The first clause is a classic biblical paradox. Exceedingly happy (according to Kittle, that is what the word μακάριοι means; here translated blessed) is the person who is full of sorrow.

Here are a few others, just to sample Scripture’s Great Paradoxes:

  1. To save a life it must be lost, and vice versa. (Matthew 16:25)
  2. Rejoicing is manifest in suffering (Colossians 1:24)
  3. A believer is the fragrance of life, and of death (2 Corinthians 2:14-16).

That last is one of my favorites, and deserves a post of its own; which it will get here later this week. How is a believer the fragrance of both death and life at the same time? Post forthcoming.

Now, two questions to keep the grey matter occupied. Why are they mourning? And why are they exceedingly happy?

Piper’s answer to the first question is that they are mourning their spiritual poverty and their sinful condition before God (from verse 3). That is probably true, but I can think of a few other reasons for their mourning. They might be lamenting their personal loss (e.g. most of the LXX uses of the Greek word πενθέω – to mourn), or mourning the world’s spiritual condition and the desperate multitudes without Christ; maybe they are suffering for Christ. Maybe it is because they are persecuted and hated. The text does not say exactly, just that they are filled with sorrow.

But the text does say why they are exceedingly happy: because they will be comforted. God, in all his glory, awaits them and will replace the sorrow with the oil of gladness. Isaiah sheds more light on the lot of the happy mourner:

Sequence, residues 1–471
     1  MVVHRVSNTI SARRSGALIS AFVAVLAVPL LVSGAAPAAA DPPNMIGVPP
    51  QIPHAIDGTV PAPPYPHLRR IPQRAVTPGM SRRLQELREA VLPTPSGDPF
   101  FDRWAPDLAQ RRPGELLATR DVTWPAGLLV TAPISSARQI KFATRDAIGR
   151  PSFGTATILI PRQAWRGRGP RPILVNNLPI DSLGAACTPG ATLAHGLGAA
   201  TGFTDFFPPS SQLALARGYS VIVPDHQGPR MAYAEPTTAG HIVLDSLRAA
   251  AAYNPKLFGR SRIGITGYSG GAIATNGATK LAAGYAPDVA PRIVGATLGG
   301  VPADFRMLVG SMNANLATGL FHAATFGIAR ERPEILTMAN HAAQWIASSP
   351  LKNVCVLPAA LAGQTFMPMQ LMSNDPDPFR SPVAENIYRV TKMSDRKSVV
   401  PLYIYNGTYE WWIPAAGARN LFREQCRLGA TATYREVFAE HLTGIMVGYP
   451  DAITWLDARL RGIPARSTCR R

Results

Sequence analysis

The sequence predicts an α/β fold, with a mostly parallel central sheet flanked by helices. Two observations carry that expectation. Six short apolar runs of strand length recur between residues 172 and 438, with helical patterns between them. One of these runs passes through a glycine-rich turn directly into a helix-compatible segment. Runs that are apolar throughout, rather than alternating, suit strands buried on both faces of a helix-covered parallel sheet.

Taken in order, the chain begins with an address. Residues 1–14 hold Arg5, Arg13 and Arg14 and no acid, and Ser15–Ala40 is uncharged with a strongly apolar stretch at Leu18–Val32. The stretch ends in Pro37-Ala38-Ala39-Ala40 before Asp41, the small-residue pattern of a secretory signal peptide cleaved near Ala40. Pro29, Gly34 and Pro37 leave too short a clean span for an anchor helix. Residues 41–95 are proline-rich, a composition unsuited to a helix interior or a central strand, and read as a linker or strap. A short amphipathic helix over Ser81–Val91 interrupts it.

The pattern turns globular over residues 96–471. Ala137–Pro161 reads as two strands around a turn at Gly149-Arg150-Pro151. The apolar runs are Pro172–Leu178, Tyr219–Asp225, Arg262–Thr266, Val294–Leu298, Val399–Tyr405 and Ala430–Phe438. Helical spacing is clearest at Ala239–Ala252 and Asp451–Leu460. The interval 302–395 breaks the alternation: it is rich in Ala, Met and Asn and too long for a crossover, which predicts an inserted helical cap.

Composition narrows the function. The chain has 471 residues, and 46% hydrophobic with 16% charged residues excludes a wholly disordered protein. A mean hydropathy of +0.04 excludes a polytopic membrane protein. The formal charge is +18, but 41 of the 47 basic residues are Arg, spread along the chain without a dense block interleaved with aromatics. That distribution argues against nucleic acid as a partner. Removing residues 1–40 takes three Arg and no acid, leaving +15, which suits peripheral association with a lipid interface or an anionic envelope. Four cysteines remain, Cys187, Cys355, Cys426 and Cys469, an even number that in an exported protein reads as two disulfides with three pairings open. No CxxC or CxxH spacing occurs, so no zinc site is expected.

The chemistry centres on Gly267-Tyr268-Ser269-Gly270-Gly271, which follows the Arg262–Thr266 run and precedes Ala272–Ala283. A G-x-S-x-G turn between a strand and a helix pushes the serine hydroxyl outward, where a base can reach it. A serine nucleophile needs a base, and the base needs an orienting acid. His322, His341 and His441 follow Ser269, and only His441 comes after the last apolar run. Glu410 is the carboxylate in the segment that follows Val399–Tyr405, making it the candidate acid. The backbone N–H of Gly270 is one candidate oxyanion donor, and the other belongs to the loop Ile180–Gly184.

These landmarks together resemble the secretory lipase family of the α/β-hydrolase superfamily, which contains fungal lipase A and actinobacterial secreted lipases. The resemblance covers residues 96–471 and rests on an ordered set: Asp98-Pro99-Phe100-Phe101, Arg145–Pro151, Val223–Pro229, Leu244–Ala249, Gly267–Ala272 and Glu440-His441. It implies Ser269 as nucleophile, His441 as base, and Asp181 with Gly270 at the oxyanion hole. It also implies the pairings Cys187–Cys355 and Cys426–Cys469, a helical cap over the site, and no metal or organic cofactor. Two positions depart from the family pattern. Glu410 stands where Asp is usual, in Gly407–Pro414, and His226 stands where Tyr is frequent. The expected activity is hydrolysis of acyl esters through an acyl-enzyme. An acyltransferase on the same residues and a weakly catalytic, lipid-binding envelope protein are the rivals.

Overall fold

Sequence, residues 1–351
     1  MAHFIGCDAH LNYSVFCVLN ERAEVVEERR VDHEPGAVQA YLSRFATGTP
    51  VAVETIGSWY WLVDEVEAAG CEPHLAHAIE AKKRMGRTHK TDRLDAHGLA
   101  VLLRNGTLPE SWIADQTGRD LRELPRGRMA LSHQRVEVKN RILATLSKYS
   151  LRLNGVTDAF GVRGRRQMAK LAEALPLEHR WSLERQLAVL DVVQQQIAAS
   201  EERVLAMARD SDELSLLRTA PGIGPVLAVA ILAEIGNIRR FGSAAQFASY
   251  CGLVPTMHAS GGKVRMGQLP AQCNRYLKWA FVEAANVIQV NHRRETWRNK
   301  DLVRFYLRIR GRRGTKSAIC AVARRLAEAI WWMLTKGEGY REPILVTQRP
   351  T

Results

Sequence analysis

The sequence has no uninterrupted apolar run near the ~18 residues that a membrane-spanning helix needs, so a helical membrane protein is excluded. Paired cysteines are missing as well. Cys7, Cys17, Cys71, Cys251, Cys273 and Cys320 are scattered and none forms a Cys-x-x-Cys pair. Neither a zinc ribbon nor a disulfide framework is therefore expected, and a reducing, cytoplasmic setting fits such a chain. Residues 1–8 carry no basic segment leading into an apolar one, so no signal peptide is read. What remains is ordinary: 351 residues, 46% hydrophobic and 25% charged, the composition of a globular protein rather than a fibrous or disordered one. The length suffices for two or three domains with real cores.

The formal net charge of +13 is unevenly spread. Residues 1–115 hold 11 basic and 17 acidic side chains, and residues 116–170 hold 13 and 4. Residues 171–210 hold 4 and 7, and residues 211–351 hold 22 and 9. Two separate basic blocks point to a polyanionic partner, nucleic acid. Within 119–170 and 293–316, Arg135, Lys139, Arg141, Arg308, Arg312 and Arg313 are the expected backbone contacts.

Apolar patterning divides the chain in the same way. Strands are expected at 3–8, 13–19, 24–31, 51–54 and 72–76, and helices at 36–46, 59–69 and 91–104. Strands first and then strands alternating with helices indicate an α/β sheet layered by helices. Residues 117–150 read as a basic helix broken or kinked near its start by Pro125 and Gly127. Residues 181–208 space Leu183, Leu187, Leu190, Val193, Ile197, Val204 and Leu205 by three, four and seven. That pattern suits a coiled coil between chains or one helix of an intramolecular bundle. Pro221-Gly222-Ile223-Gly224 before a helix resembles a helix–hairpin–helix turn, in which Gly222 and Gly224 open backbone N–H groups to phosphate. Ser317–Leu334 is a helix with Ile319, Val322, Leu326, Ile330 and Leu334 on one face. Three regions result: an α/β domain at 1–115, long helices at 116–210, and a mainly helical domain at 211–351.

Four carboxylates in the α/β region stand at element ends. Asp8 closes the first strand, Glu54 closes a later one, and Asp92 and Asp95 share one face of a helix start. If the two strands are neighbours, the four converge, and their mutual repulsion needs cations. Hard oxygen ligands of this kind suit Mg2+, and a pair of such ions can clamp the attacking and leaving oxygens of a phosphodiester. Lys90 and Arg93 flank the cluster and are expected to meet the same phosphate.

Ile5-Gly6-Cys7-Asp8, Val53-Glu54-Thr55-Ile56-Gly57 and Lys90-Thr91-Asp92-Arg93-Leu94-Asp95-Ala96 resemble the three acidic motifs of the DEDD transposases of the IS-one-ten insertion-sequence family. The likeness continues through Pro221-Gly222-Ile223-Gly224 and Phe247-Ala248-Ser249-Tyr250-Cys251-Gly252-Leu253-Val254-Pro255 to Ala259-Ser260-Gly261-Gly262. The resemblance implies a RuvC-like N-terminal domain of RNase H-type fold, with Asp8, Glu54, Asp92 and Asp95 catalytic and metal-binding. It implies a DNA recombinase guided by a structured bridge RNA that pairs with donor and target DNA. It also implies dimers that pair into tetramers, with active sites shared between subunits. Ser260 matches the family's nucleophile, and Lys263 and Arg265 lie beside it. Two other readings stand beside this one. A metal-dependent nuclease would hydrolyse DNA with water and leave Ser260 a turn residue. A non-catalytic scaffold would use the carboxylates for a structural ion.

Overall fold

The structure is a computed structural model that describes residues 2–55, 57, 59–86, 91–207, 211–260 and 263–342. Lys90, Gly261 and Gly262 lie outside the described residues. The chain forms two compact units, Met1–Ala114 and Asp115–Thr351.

…the Lord has anointed me to bring good news to the poor; he has sent me to bind up the brokenhearted, to proclaim liberty to the captives, and the opening of the prison to those who are bound; to proclaim the year of the Lord’s favor, and the day of vengeance of our God; to comfort all who mourn; to grant to those who mourn in Zion— to give them a beautiful headdress instead of ashes, the oil of gladness instead of mourning, the garment of praise instead of a faint spirit; that they may be called oaks of righteousness, the planting of the Lord, that he may be glorified… (Isaiah 61:1b-3 ESV)

Let’s not miss the grammatical time frames of the beatitude. His comforting awaits us, it will come; but the mourner is exceedingly happy now (blessed are they). Hope has been set before us and allows us to be happy through mourning. Perhaps, that is why Paul could say with such confidence:

For this slight momentary affliction is preparing for us an eternal weight of glory beyond all comparison… (2 Cor 4:17 ESV)

Blessed are they who mourn, for they shall be comforted.

Our Pretty Little Lama

I snapped this image a week ago, and Hannah’s hair has since grown a little. She is a tad less Lama-like now.